(June 11, 1588-May 2, 1667)
Born in Bentworth, England, United Kingdom
Best-known poems were 'I Loved a Lass' and 'Shall I, Waiting in Despair'
Fought on the Parliamentarian side during the English Civil War
Why he might be annoying
Despite two years at Oxford, he apparently made little impression on the neighbors, who advised his father to teach him 'some mechanic trade.'
His poems became increasingly obsessed with politics and religion, and he renounced his early love poems. (The only ones of his poems anyone bothers to read.)
The Dictionary of National Biography said of his poetry, 'It usually lacks any genuine literary quality and often sinks into imbecile doggerel.'
Alexander Pope called him 'wretched Wither' and John Dryden said of his verses that 'if they rhymed and rattled all was well.'
After the execution of King Charles I, he and another Parliamentarian took the King's coronation regalia out of mothballs and staged a mock pageant.
He repaid John Denham for saving his life (see below) by seizing part of his estate after the Civil War.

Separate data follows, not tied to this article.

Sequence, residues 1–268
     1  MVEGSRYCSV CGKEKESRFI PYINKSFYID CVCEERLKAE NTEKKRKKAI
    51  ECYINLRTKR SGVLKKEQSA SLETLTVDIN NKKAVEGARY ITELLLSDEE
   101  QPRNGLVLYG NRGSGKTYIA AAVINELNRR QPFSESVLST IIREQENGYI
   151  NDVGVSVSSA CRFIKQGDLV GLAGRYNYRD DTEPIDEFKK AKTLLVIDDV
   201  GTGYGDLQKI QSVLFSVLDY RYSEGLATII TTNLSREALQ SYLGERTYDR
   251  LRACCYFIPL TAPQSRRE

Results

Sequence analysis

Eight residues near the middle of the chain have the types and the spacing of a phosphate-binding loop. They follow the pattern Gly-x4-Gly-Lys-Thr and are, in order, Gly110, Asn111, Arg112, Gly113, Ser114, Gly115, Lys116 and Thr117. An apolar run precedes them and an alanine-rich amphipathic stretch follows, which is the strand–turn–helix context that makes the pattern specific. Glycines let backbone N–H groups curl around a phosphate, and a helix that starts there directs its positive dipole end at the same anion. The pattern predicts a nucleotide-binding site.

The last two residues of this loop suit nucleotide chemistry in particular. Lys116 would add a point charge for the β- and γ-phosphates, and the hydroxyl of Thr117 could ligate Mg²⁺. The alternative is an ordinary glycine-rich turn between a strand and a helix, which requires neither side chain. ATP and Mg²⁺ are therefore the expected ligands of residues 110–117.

Why he might not be annoying
His badness saved his life: When he was captured by the King's forces during the Civil War, Royalist poet John Denham petitioned King Charles I to spare him, on the grounds that as long as Wither was alive, 'I should not be accounted the worst poet in England.'
He was twice imprisoned for writing satirical poetry.
He was given property after the Civil War, but lost it after he criticized Oliver Cromwell.
He was imprisoned for three years after Charles II took the throne in the Restoration.
Credit: C. Fishel
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Year In Review:
In 2016, Out of 1 Votes: 100% Annoying
In 2015, Out of 8 Votes: 50.0% Annoying
In 2014, Out of 12 Votes: 41.67% Annoying
In 2013, Out of 4 Votes: 50.0% Annoying
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